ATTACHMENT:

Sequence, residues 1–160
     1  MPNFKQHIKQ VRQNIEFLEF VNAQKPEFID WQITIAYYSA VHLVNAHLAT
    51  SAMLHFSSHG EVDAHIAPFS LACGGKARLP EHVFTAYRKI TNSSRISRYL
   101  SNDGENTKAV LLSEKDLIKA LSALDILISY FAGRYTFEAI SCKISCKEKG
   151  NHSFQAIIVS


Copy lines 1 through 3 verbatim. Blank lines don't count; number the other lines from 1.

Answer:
Sequence, residues 1–160
     1  MPNFKQHIKQ VRQNIEFLEF VNAQKPEFID WQITIAYYSA VHLVNAHLAT
    51  SAMLHFSSHG EVDAHIAPFS LACGGKARLP EHVFTAYRKI TNSSRISRYL